There are many Mitzvot and Halachot/laws dealing with the payment of wages, stealing in all types of situations, etc. A non-Jew who reads the Bible, even if he hates Jews, at least has to have the intellectual honesty about how detailed the Bible is about the importance of our relationship with other people, because without observing these laws, we are only putting a mask on our faces, and at the end of the day after people finding out who we really are, we are no better than non-Jews who don't keep the Torah.

Yes, enough of the gold, enough of the blindfold, and enough of being sold to the devil! Even if the only holy book that we Jews would have is the Bible, without the Oral Law, if we were to truly take the Bible seriously, we would be well on our way to living a good moral life without putting materialism in front of spirituality. In one generation, the color may be white, in another generation, the color may be gold, but Hashem never changes, and the Torah never changes. However, while Hashem as He promised in the Torah, will never ex-change us for another nation, we have to make the changes within ourselves without feeling the need to resort to masking ourselves blind to the reality that Hashem reveals to us in the Torah, or the need to turn to something different that will no doubt oppose the Torah.

There is a reason why the first book of the Torah - Sefer Bereishit/Genesis, which we are in the midst of reading in the public Torah reading of Shabbat, is the first book of the Torah, relating history that took place before the Torah was given, which is 26% or more than a quarter of the Five Books of Moses, where Moses the Lawgiver had not been born yet. It is in this First Book of the Torah that we learn how to live a Torah life from our Patriarchs and Matriarchs. As our Sages tell us - Derech Eretz Kadma LaTorah "Manners come before the Torah", for if we will continously learning Torah without applying the concepts of it, especially in our relationships with others, then we are really no better - and in fact worse - than many non-Jews who also read the Bible but don't even follow the few laws that they are supposed to keep. To note, a surname given for the Book of Genesis is Sefer HaYashar - the Book of the Straight, referring to our Biblical ancestors in Genesis. The word Yosher, with the same basic meaning as Yashar, means being straight or honest.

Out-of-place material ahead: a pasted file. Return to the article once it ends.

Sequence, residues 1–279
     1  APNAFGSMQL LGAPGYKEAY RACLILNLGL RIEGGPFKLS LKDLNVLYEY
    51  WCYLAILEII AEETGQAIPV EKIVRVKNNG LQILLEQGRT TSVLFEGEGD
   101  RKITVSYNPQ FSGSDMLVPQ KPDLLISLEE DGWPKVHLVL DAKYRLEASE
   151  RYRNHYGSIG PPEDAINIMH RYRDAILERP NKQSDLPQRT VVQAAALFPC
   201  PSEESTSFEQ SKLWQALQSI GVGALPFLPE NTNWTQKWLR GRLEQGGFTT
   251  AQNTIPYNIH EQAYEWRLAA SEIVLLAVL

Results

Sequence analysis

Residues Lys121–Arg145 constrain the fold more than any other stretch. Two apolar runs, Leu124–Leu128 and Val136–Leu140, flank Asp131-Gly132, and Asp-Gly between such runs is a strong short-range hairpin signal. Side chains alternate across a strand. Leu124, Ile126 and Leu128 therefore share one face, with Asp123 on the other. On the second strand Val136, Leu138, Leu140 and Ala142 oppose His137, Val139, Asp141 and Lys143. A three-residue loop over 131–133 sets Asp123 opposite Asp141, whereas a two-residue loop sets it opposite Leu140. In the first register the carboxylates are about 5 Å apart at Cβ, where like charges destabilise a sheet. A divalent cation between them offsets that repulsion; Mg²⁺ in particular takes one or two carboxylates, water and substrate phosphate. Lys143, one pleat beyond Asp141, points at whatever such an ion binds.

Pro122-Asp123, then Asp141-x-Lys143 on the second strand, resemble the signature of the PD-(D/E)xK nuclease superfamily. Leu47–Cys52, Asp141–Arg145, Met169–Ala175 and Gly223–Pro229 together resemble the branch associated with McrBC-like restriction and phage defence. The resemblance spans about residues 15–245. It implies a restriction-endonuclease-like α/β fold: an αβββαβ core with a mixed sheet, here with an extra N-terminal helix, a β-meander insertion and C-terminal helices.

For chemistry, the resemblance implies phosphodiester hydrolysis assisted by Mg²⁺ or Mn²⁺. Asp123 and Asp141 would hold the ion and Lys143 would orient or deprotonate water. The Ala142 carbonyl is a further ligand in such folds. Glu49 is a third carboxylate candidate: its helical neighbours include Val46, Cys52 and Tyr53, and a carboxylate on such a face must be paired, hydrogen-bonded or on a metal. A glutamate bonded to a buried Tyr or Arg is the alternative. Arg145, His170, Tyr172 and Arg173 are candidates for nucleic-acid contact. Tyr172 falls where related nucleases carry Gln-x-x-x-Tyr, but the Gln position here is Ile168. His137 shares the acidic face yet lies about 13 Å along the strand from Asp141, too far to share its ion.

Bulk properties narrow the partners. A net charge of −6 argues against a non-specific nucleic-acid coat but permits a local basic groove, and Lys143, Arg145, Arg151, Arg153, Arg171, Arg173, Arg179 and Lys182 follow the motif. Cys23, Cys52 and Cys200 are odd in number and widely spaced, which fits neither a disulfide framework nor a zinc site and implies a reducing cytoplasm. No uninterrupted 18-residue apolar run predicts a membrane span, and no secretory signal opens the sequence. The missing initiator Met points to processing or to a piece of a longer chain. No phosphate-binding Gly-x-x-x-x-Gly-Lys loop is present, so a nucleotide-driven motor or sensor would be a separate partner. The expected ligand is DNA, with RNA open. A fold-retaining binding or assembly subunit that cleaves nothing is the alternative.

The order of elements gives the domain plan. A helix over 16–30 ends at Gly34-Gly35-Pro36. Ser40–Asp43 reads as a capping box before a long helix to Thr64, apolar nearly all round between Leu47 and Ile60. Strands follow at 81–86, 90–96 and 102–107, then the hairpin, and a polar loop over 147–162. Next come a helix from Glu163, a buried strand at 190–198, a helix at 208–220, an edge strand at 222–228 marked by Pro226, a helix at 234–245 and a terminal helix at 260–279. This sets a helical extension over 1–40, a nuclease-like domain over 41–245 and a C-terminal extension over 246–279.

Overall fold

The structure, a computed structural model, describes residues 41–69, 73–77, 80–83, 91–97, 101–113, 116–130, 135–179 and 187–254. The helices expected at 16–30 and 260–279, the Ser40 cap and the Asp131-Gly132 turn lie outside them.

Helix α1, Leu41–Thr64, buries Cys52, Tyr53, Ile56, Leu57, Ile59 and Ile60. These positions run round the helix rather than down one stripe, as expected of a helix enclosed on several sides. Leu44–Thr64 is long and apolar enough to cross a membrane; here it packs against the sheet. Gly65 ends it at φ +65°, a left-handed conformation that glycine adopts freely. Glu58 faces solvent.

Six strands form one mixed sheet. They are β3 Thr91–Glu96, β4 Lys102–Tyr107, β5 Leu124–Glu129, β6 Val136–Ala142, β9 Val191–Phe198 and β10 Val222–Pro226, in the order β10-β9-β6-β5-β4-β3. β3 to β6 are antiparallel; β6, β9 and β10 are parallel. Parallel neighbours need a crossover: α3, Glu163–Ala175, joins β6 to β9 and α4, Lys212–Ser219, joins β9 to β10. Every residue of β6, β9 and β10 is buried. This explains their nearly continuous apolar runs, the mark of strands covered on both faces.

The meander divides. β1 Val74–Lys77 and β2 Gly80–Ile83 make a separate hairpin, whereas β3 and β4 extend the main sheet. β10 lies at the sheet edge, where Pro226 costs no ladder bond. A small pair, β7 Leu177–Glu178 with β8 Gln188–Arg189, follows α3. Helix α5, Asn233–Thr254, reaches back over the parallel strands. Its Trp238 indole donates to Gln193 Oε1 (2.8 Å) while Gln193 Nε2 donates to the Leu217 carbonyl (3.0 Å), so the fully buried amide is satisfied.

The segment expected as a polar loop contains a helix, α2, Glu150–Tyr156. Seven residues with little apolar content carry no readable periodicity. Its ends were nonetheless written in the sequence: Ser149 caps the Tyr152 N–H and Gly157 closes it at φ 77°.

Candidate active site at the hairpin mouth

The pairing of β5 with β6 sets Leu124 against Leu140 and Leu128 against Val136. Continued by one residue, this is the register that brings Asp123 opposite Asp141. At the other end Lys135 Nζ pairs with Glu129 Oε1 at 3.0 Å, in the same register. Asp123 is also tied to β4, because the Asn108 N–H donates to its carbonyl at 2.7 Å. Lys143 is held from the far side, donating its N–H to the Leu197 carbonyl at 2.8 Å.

As they say, the truth will set you free. As honesty includes truth, the ultimate motto that we should follow is HONESTY WILL SET YOU FREE.

28 Cheshvan 5772